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For the First Time, South Carolina Celebrates a State Holiday Honoring Martin Luther KingAired January 15, 2001 - 2:18 p.m. ET
THIS IS A RUSH TRANSCRIPT. THIS COPY MAY NOT BE IN ITS FINAL FORM AND MAY BE UPDATED.
NATALIE ALLEN, CNN ANCHOR: In South Carolina today, for the first time, they are celebrating a state holiday in honor of Martin Luther King Jr. But for some, this is also a day of protest. Several thousand people are gathered in Columbia voicing their opposition to the Confederate flag being on the Statehouse grounds.
CNN's Brian Cabell is there. He joins us now -- Brian.
BRIAN CABELL, CNN CORRESPONDENT: Good afternoon, Natalie.
King Day ceremonies have just wrapped up, as a matter of fact, in Columbia, South Carolina. As you say, this was the first official King Day. It was mandated by the South Carolina legislature last year. Some compromise legislation that also allowed for a Confederate Memorial Day and also arranged for the moving of the Confederate battle flag from atop the capitol.
Now, the march this year was considerably smaller than that of last year. This year, I'd say maybe 5,000 people marched through the streets of Columbia, South Carolina. Last year, it was more like 50,000. But last year, keep in mind, the flag was still flying atop the capitol. Tempers were still pretty high. This was still a very controversial issue. This year, the tempers have died down somewhat.
Now, let's give you a look at exactly where the compromise has left the flag. The battle flag is now about 100 feet in front of the state capitol on a flag-post about 30, 35 feet high. It's on a busy street. That has angered some people here with the civil rights organizations. They're not happy to have it so visible. It's also alongside a Confederate soldier's monument.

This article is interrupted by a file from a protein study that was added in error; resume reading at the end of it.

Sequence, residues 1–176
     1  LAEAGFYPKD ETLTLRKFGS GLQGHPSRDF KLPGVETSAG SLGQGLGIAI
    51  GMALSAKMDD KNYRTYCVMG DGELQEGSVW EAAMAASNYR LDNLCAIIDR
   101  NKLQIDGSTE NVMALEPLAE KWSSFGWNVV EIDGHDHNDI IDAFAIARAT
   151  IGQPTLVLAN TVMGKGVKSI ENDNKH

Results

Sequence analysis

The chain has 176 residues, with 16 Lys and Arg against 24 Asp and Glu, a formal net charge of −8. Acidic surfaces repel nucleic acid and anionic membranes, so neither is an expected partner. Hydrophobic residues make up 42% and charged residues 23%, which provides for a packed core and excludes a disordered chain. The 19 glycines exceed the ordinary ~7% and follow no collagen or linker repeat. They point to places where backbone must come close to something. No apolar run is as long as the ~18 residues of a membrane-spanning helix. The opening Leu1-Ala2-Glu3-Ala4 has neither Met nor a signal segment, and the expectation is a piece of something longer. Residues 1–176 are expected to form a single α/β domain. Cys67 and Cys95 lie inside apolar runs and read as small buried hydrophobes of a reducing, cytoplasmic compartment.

But again, this was a compromise that was worked out by South Carolina legislators, black and white, Republican and Democrat. And this is what South Carolina is looking at these days.
Still, it is a controversy here and also across the South. In Mississippi, we have a flag issue that is going to be on a referendum April 17th. The voters of Mississippi will decide whether to keep the current Mississippi flag, which contains the Confederate emblem, or to take it down and put up another flag, a newly designed flag. And in Georgia, legislators there are wrangling with the flag issue. Once again, the Confederate emblem is part of their flag, and the legislators are being asked to change that flag once again. And there is a threat there that in case that flag is not taken down civil rights organizations are saying they may stage an economic boycott against Georgia. So the controversy still rages across the South. Here in South Carolina, it has faded somewhat, but it is an issue we will hear about in the weeks and months ahead.
I'm Brian Cabell, CNN live, in Columbia, South Carolina.
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